Government may bring back old-fashioned primary school teaching

A return to traditional old-fashioned primary schooling of the 1950's could be on the cards as a result of the Coalition Government's education reforms, according to the head of a major review of the primary schooling.















Professor Robin Alexander, from Cambridge University - who produced the most comprehensive review of the primary curriculum. spoke at the weekend about how the Government's proposed review had produced "darker rumours of a return to the 1950's".

Speaking on the anniversary of the publication of his report, he said he and his team had "three particular worries about what lies ahead".

He said that Education Secretary Michael Gove's comments that the national curriculum should give a minimum entitlement to all pupils could "consolidate the gap between the so-called 'basics' and the wider curriculum, adding that "misplaced nostalgia" for a bygone era could prevent schools from tackling the major issues of "today's uncertain but perilous world" - such as social change and cultural issues.

The new revamped curriculum could leave schools with the task of just tackling the three R's and little else, Professor Alexander, giving the annual Brian Simon lecture at London University's Institute of Education, warned at the weekend.

"A 'minimum entitlement' can reduce the detail which is specified for each aspect of the curriculum but it should not reduce the curriculum's overall scope," he said.

Mr Gove has already set up a review of the national curriculum tests for 11-year-olds and intends to announce further details of his plans for the primary curriculum in a White Paper to be published later this month.

Labour's proposals - set out in a review by former Ofsted inspector Sir Jim Rose and including compulsory language lessons for all children from the age of seven - were scrapped by the new Government on gaining power.

He urged ministers to ditch the standpoint of the previous Government - which had stridently insisted "like Margaret Thatcher that There Is No Alternative" to the current testing regime.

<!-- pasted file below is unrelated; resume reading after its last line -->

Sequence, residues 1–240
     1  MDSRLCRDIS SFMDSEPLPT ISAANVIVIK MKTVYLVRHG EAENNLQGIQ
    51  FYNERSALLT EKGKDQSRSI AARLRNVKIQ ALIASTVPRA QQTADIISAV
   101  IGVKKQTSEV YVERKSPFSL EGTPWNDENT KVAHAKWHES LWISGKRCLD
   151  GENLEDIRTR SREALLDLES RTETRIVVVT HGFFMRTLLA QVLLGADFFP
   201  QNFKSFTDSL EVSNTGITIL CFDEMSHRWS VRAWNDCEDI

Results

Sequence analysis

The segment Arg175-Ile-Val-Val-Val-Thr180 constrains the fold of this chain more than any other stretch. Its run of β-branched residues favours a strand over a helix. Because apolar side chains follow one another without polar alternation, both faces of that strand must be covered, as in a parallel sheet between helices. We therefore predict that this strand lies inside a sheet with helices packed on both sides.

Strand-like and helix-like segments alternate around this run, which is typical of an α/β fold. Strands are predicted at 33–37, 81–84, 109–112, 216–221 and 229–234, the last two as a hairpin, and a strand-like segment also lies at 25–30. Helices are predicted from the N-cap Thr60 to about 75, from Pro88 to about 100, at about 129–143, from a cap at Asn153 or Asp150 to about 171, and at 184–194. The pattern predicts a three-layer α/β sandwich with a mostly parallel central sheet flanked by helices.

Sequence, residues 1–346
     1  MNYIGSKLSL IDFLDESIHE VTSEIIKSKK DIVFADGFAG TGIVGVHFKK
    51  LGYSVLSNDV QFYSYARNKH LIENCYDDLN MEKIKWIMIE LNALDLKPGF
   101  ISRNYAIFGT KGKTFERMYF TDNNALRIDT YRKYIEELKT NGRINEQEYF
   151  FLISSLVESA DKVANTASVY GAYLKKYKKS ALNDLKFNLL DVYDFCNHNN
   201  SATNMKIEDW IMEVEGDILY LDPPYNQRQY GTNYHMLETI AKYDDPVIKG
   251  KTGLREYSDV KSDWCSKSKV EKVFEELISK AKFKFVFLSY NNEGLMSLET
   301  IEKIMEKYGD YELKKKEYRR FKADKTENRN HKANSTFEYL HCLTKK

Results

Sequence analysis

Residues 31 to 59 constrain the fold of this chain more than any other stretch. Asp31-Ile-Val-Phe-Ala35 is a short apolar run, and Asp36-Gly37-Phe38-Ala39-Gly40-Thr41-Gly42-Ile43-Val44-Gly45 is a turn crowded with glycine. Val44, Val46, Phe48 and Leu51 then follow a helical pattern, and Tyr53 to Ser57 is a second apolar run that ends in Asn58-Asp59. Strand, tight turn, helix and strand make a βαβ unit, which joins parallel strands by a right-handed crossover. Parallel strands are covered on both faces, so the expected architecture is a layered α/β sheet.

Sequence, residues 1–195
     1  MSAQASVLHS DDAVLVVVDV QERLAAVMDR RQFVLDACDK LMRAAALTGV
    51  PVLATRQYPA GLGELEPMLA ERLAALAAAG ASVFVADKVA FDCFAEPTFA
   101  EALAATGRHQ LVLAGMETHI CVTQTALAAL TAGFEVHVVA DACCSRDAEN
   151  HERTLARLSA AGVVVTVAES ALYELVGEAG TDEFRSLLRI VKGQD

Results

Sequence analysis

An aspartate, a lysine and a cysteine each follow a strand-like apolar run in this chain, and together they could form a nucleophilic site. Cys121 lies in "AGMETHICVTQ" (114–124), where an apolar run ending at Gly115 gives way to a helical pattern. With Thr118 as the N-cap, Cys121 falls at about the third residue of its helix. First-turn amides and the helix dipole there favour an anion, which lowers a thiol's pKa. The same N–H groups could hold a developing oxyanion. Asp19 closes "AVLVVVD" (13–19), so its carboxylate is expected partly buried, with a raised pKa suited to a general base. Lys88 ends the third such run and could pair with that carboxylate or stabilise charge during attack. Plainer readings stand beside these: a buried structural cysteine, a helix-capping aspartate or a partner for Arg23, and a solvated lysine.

However, he urged teachers and academics: "Let's contribute to the Government's assessment review, not prejudge it."

Professor Alexander spoke of his fears that the Government could embark upon a return to more selection in secondary schooling.

At a meeting in the House of Commons of the Friends of Grammar School, Mr Gove had said his foot was "hovering over the pedal" of more selection but that he would have to see what his co-driver, Liberal Democrat Deputy Prime Minister Nick Clegg would have to say.

"If selective secondary education returns to the agenda, primary school streaming won't be far behind." he added.

In the 1950's, before the introduction of comprehensive education, streaming had been introduced for seven-year-olds to prepare them for a two-tier secondary education system and had "intensified social inequalities and for too many children became a self-fulfilling prophecy which suppressed their true potential".

Under Labour, ministers had argued against streaming - which puts pupils in the same stream for every subject in favour of setting which allows them into top sets for the subjects they excel in but other sets for areas in which they do less well.

Professor Alexander also had warning about the Government's drive to create more academies and new "free" schools - run by parents, teachers and faith groups" independently of local authorities.

He said there was a "growing fear" that they would "pit school against school" - thus denying teachers in existing schools the support they needed.

The lecture is given annually in honour of Professor Brian Simon, a lifelong champion of comprehensive education.



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